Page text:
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Non-performing loans on the rise

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Malawi’s level of non-performing loans (NPL) remained high during a greater part of 2017, according to the Reserve Bank of Malawi (RBM).
As of July 2017, the default rate had risen to 19 percent, from 10.8 percent in December 2015.
In its December 2017 Financial Stability Report, the central bank said that the rate continued to increase across all economic sectors during the second half of 2017.
Ironically, the rise comes amid a sharp fall in interest rates in the year under review.
Majority of banks attributed the increased non-performing loans to poor agricultural commodity prices, high cost of borrowing, and continued intermittent power supply, among others.
According to RBM, an increase in the level of non-performing loans led to asset quality deterioration in a number of banks.
The wholesale and retail sector continued to remain the dominant sector with highest non-performing loans, followed by the manufacturing sector.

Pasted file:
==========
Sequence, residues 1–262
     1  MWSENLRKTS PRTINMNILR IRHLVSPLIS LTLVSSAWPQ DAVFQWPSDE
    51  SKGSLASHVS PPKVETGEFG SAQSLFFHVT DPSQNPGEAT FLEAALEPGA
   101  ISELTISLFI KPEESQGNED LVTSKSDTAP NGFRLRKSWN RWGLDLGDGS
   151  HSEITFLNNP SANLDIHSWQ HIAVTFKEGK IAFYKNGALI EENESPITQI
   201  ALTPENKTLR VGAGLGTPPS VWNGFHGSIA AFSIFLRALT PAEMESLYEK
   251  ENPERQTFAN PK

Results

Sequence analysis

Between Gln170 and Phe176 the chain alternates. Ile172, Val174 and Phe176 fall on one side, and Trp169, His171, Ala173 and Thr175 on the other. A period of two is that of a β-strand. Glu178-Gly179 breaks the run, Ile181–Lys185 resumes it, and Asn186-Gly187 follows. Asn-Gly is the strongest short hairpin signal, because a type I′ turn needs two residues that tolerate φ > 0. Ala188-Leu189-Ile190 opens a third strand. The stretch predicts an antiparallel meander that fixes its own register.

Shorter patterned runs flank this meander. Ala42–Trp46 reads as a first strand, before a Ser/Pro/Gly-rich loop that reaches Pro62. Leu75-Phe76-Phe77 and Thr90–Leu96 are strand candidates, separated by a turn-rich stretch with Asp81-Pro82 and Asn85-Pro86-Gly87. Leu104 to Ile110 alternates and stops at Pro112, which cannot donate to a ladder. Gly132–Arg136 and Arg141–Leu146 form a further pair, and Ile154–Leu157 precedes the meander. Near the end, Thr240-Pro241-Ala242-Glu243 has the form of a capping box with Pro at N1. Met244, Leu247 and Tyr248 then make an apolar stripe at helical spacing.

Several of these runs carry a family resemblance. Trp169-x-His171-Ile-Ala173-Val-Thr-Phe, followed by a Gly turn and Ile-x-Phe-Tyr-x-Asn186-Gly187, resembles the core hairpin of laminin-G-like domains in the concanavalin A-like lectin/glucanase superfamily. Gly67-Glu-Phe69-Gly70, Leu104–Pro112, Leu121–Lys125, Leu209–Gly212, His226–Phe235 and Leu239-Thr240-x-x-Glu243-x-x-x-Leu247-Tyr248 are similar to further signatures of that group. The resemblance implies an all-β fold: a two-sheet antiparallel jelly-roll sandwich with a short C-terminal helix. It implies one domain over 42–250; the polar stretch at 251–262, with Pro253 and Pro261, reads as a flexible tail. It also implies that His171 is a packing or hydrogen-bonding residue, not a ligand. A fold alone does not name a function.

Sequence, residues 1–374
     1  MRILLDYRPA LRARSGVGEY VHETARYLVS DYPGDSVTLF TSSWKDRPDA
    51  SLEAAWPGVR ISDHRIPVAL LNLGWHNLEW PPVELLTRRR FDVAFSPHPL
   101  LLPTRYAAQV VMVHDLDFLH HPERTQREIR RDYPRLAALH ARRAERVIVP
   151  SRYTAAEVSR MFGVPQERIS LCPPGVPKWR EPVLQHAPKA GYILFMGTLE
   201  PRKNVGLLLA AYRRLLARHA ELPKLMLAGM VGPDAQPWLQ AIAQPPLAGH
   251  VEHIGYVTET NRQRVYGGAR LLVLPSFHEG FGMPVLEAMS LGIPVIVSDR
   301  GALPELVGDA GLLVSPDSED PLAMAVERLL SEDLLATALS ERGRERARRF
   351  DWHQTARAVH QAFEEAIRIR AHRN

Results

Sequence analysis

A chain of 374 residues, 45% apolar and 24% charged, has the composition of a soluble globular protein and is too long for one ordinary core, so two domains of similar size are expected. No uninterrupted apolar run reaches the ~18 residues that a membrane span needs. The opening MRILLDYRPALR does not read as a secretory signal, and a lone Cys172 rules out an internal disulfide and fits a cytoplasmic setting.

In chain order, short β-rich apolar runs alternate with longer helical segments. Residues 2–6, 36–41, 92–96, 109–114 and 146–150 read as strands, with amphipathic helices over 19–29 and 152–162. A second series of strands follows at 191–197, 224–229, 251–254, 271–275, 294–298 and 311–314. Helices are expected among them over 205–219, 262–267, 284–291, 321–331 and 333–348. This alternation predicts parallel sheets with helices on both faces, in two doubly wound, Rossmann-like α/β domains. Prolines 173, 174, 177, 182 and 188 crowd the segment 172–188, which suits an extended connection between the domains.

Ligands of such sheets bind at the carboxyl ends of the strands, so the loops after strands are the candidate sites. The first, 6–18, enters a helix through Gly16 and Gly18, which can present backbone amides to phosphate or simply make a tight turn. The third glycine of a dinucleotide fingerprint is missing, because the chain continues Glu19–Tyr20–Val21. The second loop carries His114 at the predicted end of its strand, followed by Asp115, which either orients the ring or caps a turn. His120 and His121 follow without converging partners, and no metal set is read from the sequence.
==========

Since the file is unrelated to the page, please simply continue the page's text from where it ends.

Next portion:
In the household sector, 40.0 percent of banks reported that NPLs increased on account of increased retrenchment by institutions, low commodity prices, following bumper agricultural harvest last season and high cost of borrowing.
In relation to SMEs, 50.0 percent of banks reported increased NPLs in the SMEs sector due to low agricultural commodity prices.
With regard to large enterprises, 40.0 percent of banks reported that NPLs increased in the sector.
“This was largely due to fraudulent activities by a single large multi-borrower customer. However, the slump of agricultural commodity prices, following bumper agricultural harvest and subsequent maize export ban also contributed to the increase in NPLs in this sector,” RBM said.
However, the survey findings show that majority of banks reported that demand for loans and credit lines increased between April and September 2017, similar to March 2017 survey results

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